The first iLSA are flying in the USA. Springboarding from Apple’s famous iDevices, why not iLSA? This stands for “i” Light-Sport Aircraft, meaning they’re fuel injected, which today suggests Rotax’s new 912 iS engine. Tecnam has announced P2008s with the new powerplant. Pipistrel has iS models, too. Others will follow, although Remos indicated they are taking a wait-and-see approach to the new powerplant. All models remain available with the carbureted version of the 912s in 80 or 100 horsepower. (See this earlier article about the newest Rotax and this one with a video.)
Market leader Flight Design has iLSA arriving in all corners of the country under the slightly changed name of CTLSi. Flight Design USA president Tom Peghiny recently assembled a couple of these airplanes and logged several flights on them. He offered a series of comments on how his newest LSA is an improvement in last year’s model.
Most often reported is reduced fuel use. Tom wrote, “CTLSi has improved fuel economy, reduced carbon emissions, and does not require leaded fuel. The Rotax 912 iS engine operates with standard auto fuel up to 10% Ethanol.” He added that the powerplant is an attractive modern engine installation that allows for simpler operation and lower maintenance; mechanics will no longer need to sync two carburetors. Though the 912 engine has changed considerably, it retains the 2,000-hour overhaul time and Flight Design boosted their warranty on both airframe and engine. In the nose-on photo, you can see two small “strakes” that give the cowling a gutsy appearance. According to Flight Design’s John Doman, “The ‘eyebrows’ on the cowling provide clearance for the fuel injection rails.” Those nose cowl alterations and a little “i” on the tail behind “CTLS” are all you see from the outside. Under the cowling, more changes await close inspection.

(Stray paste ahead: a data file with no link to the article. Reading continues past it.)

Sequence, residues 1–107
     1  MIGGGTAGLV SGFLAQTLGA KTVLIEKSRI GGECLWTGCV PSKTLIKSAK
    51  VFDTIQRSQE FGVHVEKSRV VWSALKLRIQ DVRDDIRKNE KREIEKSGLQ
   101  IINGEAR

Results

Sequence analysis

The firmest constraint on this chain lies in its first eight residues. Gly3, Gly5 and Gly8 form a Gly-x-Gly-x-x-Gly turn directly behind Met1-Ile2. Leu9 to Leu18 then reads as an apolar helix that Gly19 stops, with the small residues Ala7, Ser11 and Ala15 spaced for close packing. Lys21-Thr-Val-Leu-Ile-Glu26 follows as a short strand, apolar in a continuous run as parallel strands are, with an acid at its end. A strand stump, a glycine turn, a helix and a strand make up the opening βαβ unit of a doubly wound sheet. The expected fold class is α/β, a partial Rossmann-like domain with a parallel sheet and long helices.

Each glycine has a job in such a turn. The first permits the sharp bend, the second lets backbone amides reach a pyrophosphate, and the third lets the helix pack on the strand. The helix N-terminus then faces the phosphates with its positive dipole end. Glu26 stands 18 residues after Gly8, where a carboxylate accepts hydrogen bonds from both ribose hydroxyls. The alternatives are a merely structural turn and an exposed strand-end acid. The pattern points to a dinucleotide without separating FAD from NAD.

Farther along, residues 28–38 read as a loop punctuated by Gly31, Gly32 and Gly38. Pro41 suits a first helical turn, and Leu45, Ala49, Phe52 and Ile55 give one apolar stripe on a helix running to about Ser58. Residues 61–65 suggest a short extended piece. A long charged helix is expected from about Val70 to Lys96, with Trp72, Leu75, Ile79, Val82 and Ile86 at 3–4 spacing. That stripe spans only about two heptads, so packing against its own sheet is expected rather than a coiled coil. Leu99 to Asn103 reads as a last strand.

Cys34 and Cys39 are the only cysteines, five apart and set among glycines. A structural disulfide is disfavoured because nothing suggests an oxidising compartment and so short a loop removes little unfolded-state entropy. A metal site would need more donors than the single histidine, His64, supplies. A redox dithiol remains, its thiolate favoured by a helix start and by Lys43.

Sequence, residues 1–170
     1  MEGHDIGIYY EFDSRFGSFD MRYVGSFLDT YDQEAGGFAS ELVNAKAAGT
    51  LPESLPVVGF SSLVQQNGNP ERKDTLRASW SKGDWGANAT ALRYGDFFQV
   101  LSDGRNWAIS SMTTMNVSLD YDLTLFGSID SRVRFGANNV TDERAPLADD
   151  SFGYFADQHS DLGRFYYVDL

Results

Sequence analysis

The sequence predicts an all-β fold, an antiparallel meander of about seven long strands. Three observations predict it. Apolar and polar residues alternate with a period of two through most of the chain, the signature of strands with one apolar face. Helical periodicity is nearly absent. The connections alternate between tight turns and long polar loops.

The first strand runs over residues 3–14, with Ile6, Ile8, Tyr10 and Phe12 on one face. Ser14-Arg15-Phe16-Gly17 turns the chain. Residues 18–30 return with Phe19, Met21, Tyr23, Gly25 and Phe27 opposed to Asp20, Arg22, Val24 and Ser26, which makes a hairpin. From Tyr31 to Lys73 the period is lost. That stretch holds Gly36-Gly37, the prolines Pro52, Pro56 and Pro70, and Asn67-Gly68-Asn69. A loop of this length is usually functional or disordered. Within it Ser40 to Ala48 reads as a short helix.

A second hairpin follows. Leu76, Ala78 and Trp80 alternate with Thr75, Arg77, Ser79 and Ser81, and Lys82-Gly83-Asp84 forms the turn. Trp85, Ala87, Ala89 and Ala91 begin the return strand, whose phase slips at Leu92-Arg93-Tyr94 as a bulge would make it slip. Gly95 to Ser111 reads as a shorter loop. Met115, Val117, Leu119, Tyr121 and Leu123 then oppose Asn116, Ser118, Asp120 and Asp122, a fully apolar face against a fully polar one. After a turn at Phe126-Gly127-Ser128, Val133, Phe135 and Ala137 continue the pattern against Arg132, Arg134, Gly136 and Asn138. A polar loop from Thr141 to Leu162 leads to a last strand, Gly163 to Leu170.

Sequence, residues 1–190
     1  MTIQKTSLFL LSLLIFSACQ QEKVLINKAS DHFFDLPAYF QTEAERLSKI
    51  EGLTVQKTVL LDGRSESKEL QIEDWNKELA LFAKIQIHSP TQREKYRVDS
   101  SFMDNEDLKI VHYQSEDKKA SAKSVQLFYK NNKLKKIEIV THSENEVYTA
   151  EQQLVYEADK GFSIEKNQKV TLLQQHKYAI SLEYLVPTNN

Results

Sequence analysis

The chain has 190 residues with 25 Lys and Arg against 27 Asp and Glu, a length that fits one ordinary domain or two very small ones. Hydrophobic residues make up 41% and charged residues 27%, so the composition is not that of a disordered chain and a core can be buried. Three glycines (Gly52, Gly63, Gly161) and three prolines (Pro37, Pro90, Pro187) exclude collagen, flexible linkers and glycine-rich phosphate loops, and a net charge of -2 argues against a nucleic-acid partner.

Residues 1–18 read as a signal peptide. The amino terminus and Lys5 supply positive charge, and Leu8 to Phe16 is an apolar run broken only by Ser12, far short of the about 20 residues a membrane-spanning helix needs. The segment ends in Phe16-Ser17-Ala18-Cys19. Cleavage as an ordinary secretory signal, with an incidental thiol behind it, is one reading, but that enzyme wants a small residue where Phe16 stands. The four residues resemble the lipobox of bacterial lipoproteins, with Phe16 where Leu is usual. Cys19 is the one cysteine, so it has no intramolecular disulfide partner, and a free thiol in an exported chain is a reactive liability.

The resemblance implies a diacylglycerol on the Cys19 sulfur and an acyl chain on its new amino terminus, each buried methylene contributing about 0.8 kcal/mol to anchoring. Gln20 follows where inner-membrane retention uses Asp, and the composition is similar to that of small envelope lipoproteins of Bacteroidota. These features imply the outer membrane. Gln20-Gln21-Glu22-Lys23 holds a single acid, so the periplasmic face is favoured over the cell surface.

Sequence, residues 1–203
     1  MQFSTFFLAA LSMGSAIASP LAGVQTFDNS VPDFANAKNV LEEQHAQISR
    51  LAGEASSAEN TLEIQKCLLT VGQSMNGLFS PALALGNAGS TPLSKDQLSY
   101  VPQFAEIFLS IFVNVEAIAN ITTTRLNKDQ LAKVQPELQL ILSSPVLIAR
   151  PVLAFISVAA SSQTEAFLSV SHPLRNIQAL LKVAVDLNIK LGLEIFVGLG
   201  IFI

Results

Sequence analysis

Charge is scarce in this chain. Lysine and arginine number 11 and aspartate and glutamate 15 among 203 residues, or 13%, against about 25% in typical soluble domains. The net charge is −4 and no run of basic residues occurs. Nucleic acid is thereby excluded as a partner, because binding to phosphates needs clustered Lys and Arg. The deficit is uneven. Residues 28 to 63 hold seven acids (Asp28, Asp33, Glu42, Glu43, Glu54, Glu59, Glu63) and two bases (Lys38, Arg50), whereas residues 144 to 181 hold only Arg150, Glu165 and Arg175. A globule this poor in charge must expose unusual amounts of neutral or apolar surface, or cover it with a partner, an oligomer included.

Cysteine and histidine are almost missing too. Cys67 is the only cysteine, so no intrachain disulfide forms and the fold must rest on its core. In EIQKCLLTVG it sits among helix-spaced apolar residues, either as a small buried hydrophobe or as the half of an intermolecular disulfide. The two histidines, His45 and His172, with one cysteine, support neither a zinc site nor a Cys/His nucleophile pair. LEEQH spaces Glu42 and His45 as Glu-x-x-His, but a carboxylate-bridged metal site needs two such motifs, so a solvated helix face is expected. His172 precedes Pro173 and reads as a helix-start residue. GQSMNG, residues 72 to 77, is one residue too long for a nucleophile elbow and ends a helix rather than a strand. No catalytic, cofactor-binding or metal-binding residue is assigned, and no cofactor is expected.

Tom Peghiny continued, “Extra alternator output supports increased electrical systems on our new CTLSi and works in conjunction with a lithium-ion main battery.” He noted, “The upgraded model has a new header tank with an additional 1.7 gallons of fuel, a low fuel warning light, and even moreso than before, CTLSi offers super long range flights.” Besides simpler operation, Tom said, “CTLSi has a highly redundant installation with a Rotax-supplied fuel pump system that works very well with Dynon’s Engine Monitoring System and special EMS modules.” A new fuel selector now provides a graphic indicator on SkyView multi-function display. Yet the CTLSi changes are not all engine and fuel system related.
A new electric trim control features a graphic indicator on the SkyView MFD; Dynon’s SkyView sythetic vision now offers an ADS-B option for 2013. Whelen lights were added for 2013; audio alarms are increased on SkyView in a “pleasant voice,” Tom said. He went on, “Three GPS systems are on board including three synthetic vision systems; a redundant air data, attitude, and heading reference system (shorthand: ‘ADAHRS’) with battery backup.” The last reference means CTLSi can lose all electrical generation and still fly with battery back up. The Garmin 796 can be used as touchscreen navigation device complimented by XM weather and music with info about TFRs and other flight impediments. The whole system offers seamless integration with the Dynon autopilot for navigation, greatly relieving pilot workload. Finally CTLSi offers 100% LED lighting including landing light and a 12-volt plug for an iPad or other mobile devices. Apple fans even have an input for their iPod. In short, Tom finishes, “This is not your father’s LSA!”